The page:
What I’m actually seeing is 0.000013 emitted during the first time interval after disturbance (1.62% of carbon stocks at the time of disturbance) and 0 emissions in subsequent time intervals. Relevant output rasters are available here.

Can you verify that my expectation is reasonable and the model is not behaving as expected? If so, a fix would be greatly appreciated!

Thank you!

Just checking to see if anyone has been able to look into this. Thanks!

Hey @kwarnell, yep! I’m working on this and hope to have a development build to you soon. I’m sorry for the delay in writing back. I reproduced the issue you mentioned, where in the 2nd snapshot year, carbon emissions drop to 0. This obviously should not be the case, and is a bug in the way that the years of the latest transition are tracked on a given pixel.

So, for your emissions question, I’m working off of the equation that’s in the updated version of the UG, which is included with the installed (which I think you’re referring to as well):

E_{p,t} = D_{p,s} \cdot ({ 0.5 }^{ \frac { t-(s+1) }{ H_{p,s} } } - { 0.5 }^{ \frac { t-s }{ H_{p,s} } })

The subsequent description refers to a D_{p,r} , but this is a typo and it should instead refer to D_{p,s}. This will be fixed. The former iteration on the UG chapter used r and s mostly interchangeably.

So, in your example, we have a total carbon stock at the time of emission (all in sediment carbon) of 0.000803 MMT/ha, and we know that the disturbance of the transition will cause 25% of the carbon stocks to be emitted between the transition when the disturbance happened and t=\infty.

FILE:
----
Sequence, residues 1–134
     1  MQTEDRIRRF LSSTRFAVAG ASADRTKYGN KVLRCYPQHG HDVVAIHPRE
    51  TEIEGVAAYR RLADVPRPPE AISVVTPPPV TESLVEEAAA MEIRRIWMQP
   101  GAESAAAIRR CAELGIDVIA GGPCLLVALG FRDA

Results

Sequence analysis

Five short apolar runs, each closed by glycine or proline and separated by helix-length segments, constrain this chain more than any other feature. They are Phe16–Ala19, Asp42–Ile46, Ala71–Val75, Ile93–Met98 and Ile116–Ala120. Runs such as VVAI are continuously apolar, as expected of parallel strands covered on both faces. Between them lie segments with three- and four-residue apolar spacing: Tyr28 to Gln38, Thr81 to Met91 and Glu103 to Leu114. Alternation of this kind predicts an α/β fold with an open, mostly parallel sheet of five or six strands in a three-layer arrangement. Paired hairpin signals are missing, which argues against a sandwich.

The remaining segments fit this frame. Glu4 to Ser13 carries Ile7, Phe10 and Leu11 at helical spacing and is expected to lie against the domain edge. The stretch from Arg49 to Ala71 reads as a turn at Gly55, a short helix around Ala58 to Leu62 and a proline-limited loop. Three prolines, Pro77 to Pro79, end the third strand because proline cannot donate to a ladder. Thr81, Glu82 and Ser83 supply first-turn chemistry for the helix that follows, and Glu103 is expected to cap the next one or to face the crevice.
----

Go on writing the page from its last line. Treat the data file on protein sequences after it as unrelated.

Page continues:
So in the equation for E_{p,t}, D_{p,s} represents the volume of carbon disturbed as a result of the transition. D_{p,s} itself is calculated by taking the magnitude of the disturbance (0.25) and multiplying it by the available carbon stocks at the year of the transition (0.000803), so I’d expect a value of D_{p,s} = 0.00020075 . The model writes out these rasters with D_{p,s} values as intermediate/disturbance-volume-[pool]-[year][suffix].tif.

If only 1.62% of the disturbance volume for the transition year is being emitted in that first year after the transition, that sounds like a bug, and the fact that emissions are dropping to 0 thereafter also sounds like a bug. I’ll look into these.

One other thing I’d like to mention is that I noticed your input values are getting pretty small! This isn’t a problem, strictly speaking, but it’s worth mentioning that this model is performing its calculations using float32 precision and so I’d expect nontrivial numerical error after about 10e-5 or so. Fortunately, despite the user’s guide insisting on Metatonnes of Carbon Dioxide-equivalent, the model does no unit conversions whatsoever. So if you were to scale up the units for the model run across all of your input tables, you may have less significant numerical error. That doesn’t explain the bugs, though, and so I hope to have more to you (and a dev build) soon!